, Volume 64, Issue 4, pp 427–445 | Cite as

Powerfrau und Vorbild? Die Wirkung differenzierter Seriencharaktere auf das Selbstkonzept und die Zukunftsvorstellungen von Rezipientinnen

  • Tanja Fisse
  • Elena LinkEmail author
  • Daniela Schlütz
  • Sabine Reich


Die Darstellung von Frauen in fiktionalen Unterhaltungsangeboten erfolgt auch heute noch überwiegend einseitig und konform mit traditionellen Geschlechterrollen: Frauen werden in der Rolle der Partnerin und Mutter gezeigt oder als sexuelles Objekt auf ihre körperliche Attraktivität reduziert. Berufliche Kompetenzen von Frauen stehen hingegen selten im Mittelpunkt. Einige aktuelle Serienproduktionen zeigen jedoch facettenreichere und in Teilen anti-stereotypische Frauencharaktere, die mehrere Rollen ausfüllen. Doch beeinflusst diese differenzierte Darstellung das Selbstkonzept und die Zukunftsvorstellungen der Zuschauerinnen bei der Verwirklichung im Beruf oder als Mutter? Das wurde in dieser Studie untersucht. Eine Online-Umfrage mit 460 Zuschauerinnen der Serie „The Good Wife“ ergab, dass die Protagonistin Alicia vor allem als berufliches Vorbild fungiert und in ihrer Rolle als Mutter weniger inspirierend auf die befragten Zuschauerinnen wirkt. Als besonders förderlich für eine erlebte Inspiration erwies sich, dass die Zuschauerinnen das Leben des Charakters als erreichbar empfanden. Wurden die Probandinnen inspiriert, passten sie ihr expressives Selbstkonzept an das des Charakters geringfügig an. Darüber hinaus fördert eine erlebte Inspiration Zukunftsvisionen, die sich an den gezeigten sozialen Rollen des Charakters orientieren. Anders als erwartet belegen die Ergebnisse jedoch auch, dass eine erlebte Inspiration die Furcht vor zukünftigen sozialen Rollenkonflikten geringfügig schüren kann.


Theorie des sozialen Vergleichs Selbstdiskrepanztheorie Medienrezeption Serienrezeption Stereotypen 

Power woman and role model? The effect of multifaceted characters on female recipients’ self-concept and future goals


The representation of women in fictional entertainment media is predominantly one-sided and conforms to traditional gender roles: Women are portrayed in the role of partners and caring mothers or are reduced to their physical attractiveness whereas their occupational competencies are rarely put into focus. Recently, more series praised for their counter-stereotypical representation of women embodying several roles have appeared on the television screen. Our study analyzes whether such differentiated representations have positive effects on female viewers’ self-concept. More specifically, we ask whether the confrontation with counter-stereotypical serial characters inspires women to imagine themselves in future roles as business women and mothers alike.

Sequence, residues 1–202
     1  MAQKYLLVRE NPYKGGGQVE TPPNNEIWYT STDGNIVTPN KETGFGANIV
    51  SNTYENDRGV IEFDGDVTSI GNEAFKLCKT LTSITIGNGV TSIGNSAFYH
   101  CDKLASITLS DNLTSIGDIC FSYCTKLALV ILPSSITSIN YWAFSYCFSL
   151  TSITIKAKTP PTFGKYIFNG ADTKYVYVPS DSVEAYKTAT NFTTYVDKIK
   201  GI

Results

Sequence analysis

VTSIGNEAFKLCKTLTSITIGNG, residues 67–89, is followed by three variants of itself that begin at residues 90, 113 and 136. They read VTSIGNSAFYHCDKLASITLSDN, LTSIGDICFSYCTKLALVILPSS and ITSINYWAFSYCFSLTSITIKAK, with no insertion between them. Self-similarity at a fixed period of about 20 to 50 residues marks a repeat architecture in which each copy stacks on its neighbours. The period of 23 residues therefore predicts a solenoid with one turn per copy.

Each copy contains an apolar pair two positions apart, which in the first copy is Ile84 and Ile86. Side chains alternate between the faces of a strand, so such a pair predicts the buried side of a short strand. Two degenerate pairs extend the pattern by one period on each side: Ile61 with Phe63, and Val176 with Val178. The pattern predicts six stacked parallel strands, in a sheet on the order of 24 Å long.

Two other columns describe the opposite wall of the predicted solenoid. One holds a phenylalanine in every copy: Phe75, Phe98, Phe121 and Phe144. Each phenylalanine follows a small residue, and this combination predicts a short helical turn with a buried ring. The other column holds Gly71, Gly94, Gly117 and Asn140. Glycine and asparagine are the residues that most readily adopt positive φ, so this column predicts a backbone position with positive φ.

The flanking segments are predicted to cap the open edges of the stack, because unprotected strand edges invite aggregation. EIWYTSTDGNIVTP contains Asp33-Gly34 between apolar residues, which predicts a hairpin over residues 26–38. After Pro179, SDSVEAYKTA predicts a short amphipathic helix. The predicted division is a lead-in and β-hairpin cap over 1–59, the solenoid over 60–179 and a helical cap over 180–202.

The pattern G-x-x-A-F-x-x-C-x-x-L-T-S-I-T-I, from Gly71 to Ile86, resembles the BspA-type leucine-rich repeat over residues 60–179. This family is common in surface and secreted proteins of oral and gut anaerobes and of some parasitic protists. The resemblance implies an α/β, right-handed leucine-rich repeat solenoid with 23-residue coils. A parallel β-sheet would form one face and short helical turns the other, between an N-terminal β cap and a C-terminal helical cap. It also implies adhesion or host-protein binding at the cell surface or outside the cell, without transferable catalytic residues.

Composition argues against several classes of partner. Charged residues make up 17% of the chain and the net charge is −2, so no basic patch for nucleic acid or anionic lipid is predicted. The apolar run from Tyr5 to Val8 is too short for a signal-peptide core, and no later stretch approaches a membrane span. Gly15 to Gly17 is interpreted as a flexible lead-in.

These questions are derived from social identity theory that understands self-concepts as dynamic and changeable. The gender-related self-concept comprises expressiveness and instrumentality. Instrumental characteristics (e.g., self-confident) stereotypically are more likely to be attributed to men, while expressive characteristics (e.g., empathetic) are typically linked to women. Three dimensions of the self-concept can be distinguished: actual self, ideal self and ought self. These selves might conflict with each other, eliciting negative emotions like dissatisfaction with oneself or contempt. On the other hand, if the desired or self-imposed self-concept is achieved, positive feelings should occur.

To stimulate these processes, however, self-discrepancies must be activated. The theory of social comparison provides an explanation for the activation and adaptation of existing discrepancies during media reception: Recipients can compare themselves to media personae for different reasons. These motives impact on how information is processed. When a female recipient compares herself to a TV character to improve herself and she perceives the success of the superior figure as attainable she might feel inspired. Feeling inspired means that the viewer anticipates her own improved self-concept while integrating it into her actual self. Thus, the actual self might at least temporarily shift in the direction of the ideal self. To explore this context further, we ask how the attainability of the character’s life and other demographic and situational factors impact the perceived inspiration of viewers (RQ1). We assume that inspiration by a media persona should lead to positive effects for the viewers’ self-concept and motivates them to emulate their role model regarding their professional (H2a) and family goals (H3a), respectively. We assume that instrumental (H2b) and expressive (H3b) similarity to the character mediates this effect. At the same time, this inspiration should reduce the fear of social role conflicts (H4a), mediated by instrumental (H4b) and expressive (H4c) similarity.